We know little of his background, and we never even learn his name. He was childhood friends with Roderick Usher. He arrives on horseback at the house with the intention of helping Usher. Though he details precisely the nature of Usher's madness, it is suggested through the course of the narrative that he too may be losing his sanity. Indeed, given his terrified description of the ghastly house in the opening passages of the tale, the reader must wonder whether he was sane from the start.
The last living descendant, along with his ailing sister Madeline, of the Ushers, a time-worn family of wealth and prestige, known as patrons of the arts and givers of charity, but also stricken with a peculiar temperament that seems to run through their blood. Never having crossed lines with other families, the Usher name lies entirely "in the direct line of descent"--so that, after Madeline dies, Roderick is his family's sole living exponent. At the beginning of the story he already suffers from a severe mental illness, which steadily grows worse as the tale progresses. After his sister's death, he seems to retreat completely into madness. Before that precipitous fall, however, he dabbles in painting and shows himself to be an able guitar player. A man of culture and erudition, Roderick Usher spends his days inside his dark and cavernous mansion, avoiding sunlight or the smells of flowers, and obsessing over "the sentience of all vegetable things."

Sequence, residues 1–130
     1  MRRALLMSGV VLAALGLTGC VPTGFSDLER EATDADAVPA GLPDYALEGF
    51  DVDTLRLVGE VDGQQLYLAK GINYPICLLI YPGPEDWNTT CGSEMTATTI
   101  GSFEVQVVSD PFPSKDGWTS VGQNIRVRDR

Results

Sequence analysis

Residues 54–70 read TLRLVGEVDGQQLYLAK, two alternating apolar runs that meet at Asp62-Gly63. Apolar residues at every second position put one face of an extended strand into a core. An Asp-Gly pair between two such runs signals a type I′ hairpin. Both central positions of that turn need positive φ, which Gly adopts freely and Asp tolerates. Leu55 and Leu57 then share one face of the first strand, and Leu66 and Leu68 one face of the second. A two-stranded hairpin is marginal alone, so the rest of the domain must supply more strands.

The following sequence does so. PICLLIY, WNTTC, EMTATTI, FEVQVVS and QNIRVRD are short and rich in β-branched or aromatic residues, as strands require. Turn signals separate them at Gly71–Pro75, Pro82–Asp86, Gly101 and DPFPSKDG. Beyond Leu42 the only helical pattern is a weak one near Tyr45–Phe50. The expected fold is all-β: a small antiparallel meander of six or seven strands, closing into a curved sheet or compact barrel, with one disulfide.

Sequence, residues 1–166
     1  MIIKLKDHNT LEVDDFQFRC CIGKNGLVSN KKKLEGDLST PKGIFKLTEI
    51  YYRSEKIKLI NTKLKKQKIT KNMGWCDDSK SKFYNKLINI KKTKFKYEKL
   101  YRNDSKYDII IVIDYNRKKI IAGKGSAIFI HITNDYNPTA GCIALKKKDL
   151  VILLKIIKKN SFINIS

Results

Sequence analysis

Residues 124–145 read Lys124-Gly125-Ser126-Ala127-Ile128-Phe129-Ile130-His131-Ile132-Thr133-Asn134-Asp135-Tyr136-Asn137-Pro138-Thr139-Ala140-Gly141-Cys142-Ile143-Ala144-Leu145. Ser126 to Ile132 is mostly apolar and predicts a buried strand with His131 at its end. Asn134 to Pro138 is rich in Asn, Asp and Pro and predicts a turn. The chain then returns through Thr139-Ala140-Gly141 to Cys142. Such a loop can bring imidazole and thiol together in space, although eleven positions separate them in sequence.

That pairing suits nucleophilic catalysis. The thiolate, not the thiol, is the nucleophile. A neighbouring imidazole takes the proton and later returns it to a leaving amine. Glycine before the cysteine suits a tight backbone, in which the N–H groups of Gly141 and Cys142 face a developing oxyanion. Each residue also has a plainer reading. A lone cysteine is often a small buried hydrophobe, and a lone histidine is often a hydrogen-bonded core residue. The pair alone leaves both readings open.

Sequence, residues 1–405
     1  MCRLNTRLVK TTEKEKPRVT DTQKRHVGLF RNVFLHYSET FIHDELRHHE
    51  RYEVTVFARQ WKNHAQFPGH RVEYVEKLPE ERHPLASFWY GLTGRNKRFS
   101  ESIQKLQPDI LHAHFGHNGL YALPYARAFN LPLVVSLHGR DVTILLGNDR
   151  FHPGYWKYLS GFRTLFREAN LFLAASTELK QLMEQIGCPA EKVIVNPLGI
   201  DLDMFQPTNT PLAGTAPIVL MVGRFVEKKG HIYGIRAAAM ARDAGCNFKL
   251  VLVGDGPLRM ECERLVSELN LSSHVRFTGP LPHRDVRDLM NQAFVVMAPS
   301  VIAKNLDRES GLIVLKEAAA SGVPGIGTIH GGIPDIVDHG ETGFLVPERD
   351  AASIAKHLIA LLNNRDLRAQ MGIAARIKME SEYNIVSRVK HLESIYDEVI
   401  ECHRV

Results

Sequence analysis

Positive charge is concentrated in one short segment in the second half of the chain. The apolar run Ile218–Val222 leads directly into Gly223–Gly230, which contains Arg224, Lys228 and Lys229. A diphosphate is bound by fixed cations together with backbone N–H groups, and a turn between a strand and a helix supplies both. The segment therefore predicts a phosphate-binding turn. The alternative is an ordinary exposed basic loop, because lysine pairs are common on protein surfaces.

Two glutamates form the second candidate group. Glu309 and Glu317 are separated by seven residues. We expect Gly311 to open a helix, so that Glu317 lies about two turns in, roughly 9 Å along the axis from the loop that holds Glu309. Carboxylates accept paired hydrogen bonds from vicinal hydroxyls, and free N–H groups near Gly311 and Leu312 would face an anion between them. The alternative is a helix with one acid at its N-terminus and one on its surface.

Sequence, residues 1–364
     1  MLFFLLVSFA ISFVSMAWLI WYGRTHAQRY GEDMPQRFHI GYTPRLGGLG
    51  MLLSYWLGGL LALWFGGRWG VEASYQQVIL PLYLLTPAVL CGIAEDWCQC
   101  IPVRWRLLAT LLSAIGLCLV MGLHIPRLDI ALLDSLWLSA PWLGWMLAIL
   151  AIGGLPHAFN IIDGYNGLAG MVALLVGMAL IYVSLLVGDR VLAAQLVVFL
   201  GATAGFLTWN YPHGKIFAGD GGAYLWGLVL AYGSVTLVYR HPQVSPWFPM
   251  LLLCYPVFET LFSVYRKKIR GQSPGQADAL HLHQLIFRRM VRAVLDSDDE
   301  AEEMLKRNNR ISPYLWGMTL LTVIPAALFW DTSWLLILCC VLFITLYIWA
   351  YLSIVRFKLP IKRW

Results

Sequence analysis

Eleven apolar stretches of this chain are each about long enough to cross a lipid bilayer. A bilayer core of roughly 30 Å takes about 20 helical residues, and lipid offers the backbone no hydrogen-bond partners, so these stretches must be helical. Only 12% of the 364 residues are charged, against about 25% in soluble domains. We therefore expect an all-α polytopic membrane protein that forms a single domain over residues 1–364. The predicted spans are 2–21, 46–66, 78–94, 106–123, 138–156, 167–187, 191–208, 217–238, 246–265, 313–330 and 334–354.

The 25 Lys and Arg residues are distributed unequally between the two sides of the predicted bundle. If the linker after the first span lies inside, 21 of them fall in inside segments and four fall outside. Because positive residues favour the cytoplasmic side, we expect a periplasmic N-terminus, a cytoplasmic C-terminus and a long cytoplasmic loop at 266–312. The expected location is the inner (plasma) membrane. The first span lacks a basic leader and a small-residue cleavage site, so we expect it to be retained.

Roderick Usher's sister. She suffers from a mysterious illness, cataleptic in nature, never otherwise explained. What is most important to the story, however, is the degree to which Roderick loves her. He seems unable to bear the thought of her death. The fact that the two of them live together without spouses in the great family mansion suggests, given the pecularity of the two and their unusual family history, the possibility of an incestuous relationship.
The Fall of the House of Usher Questions and Answers
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A servant in waiting took my horse, and I entered the Gothic archway of the hall. A valet, of stealthy step, thence conducted me, in silence, through many dark and intricate passages in my progress to the studio of his master. Much...
"All of the following" means that youn have been provided choices for the answer to your question. Please include all important information in your posts, as your question cannot be answered without them.
The narrator is one of Roderick Usher's friends. He is visiting Usher because he received an invitation (letter) from Usher. Usher said that he was suffering from a "nervous agitation" and wished to visit with him..... thinking the visit would...
The Fall of the House of Usher essays are academic essays for citation. These papers were written primarily by students and provide critical analysis of The Fall of the House of Usher by Edgar Allan Poe.